My son Spenser flew into Portland International Airport before noon today. The airport was Wednesday noontime crowded. Spenser has Down Syndrome and does not fly alone. His mom flew with him from their home in Florida, and she will wait amidst the airport comings and goings before changing airlines and traveling on to Fairbanks, Alaska, for a month-long stay with my other son Cameron, his wife Alison, and their children Logan and Savannah.
The United Airlines flight out of Houston was 15 minutes late arriving, and I arrived at the airport 20 minutes early. I parked in short-term parking, took the elevated walkway across to the terminal, checked the big arrival and departure board – the kind you see in every airport – discovered their flight’s tardiness, and spent half an hour walking around.
You can see a lot in half an hour, if your intention is to pay attention. I have been in the Portland airport at least 20 times, but I do not believe I ever noticed and registered the green carpeting covering all the floors. With red and blue and violet stripes. I can’t say either that I noted all the eating establishments on one side of the terminal, all the shops and businesses on the other. That is how it is. Lots of people seem to eat lots of food in airports.Maybe it’s the waiting, maybe boredom. Lots of Chinese food for 11:30 a.m. And coffee. People at coffee shops and bakeries, people walking with coffee, people in waiting area chairs with coffee. It is amazing to think just how much coffee must be grown and harvested in the countries where it is grown and harvested. This is one place outside of one city and people wait and sip and gulp hot coffee.
Then there are the clothing stores. Many high-end. Colorful blouses drawing the eyes through the display windows. Jackets. The ever-present locale t-shirt, and sports teams everywhere, in our case The Ducks and The Beavers. Never mind The Blazers. Shoes, slacks, dresses and skirts. Who goes to the airport to buy their clothes? Or buys clothes other than the touristy identifiers walking through and waiting in airports? I don’t know the answer.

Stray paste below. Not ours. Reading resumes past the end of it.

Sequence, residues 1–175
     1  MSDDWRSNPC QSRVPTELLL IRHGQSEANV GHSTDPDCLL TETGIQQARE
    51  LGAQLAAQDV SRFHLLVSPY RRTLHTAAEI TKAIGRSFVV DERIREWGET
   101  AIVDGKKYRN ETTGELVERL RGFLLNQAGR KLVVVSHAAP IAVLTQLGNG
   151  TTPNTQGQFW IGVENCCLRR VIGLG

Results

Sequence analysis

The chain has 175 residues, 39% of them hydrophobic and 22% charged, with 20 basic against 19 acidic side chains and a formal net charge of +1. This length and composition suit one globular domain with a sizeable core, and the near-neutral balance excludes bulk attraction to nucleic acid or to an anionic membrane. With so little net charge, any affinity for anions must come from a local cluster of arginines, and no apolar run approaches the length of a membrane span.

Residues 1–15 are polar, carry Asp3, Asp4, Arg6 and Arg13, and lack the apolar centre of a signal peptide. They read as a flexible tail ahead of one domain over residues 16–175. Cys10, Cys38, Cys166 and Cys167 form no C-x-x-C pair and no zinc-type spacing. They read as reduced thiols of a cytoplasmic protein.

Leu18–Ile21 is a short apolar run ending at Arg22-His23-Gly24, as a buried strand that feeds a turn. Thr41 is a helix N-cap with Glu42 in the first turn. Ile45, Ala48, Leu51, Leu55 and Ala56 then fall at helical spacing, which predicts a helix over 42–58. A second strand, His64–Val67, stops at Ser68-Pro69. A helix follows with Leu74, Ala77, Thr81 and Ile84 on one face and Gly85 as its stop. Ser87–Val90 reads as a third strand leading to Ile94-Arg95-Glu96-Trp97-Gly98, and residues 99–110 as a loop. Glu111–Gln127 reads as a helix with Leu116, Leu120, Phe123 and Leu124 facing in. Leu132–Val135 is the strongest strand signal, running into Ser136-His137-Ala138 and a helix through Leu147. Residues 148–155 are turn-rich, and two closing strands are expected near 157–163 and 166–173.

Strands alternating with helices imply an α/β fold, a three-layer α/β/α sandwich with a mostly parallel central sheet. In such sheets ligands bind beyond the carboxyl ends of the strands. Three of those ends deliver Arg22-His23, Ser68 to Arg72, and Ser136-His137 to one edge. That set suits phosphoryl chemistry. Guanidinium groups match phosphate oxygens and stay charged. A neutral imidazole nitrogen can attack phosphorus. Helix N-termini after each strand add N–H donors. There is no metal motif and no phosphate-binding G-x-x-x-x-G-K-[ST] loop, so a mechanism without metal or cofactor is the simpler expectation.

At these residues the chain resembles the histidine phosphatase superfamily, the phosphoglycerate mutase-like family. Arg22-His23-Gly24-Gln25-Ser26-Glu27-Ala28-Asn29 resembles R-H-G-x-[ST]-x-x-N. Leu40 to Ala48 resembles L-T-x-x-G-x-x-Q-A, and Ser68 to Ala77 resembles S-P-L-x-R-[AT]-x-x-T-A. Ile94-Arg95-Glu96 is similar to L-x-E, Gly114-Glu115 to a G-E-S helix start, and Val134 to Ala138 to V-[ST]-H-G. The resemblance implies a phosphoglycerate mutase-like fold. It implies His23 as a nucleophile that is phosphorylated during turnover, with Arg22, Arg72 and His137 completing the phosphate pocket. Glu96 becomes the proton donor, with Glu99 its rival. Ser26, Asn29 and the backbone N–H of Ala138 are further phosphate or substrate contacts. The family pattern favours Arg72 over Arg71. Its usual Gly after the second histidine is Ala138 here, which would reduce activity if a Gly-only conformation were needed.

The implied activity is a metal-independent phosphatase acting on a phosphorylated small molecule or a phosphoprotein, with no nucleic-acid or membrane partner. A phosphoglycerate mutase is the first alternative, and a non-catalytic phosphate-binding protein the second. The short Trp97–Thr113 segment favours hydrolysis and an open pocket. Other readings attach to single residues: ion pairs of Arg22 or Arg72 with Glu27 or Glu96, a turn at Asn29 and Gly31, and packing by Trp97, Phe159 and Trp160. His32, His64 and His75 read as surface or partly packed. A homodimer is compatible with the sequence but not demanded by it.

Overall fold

People passing, at various rates of speed, maybe dependent on their anxiety level. Pulling carry-on bags on rollers, hauling backpacks on backs, often with both. Handbags, waste pouches, shopping bags with store labels. Overheard conversations, snippets of information from the passing travelers: “We’ve got to go to Gate E sweetie”; “Come on Buddy”; “How did I fuck it up?”. A man in a dark, brown suit, asking every third or fourth passerby if they would like a free copy of “Awake”. In 30 minutes I see no one accept the offer.
I notice a large man leaning against a wall wearing a Florida Gators basketball t-shirt a minute or so before I see my son and his mother walking out past security, looking back and forth for me, the end of the seven-hour flight from Orlando. Our eyes meet and a moment later my son and I hug. I am sure someone watches this ritual, some other traveler or waiter for a traveler. An airport ritual. Hugging.
We walk back through the airport, and then Spenser’s mom heads off to arrange for her next flight on a new airline. We take the escalator up to the doors that swing for as long as electricity flows, then back across the walkway – I point out the mountains in Washington to our north – and to my car.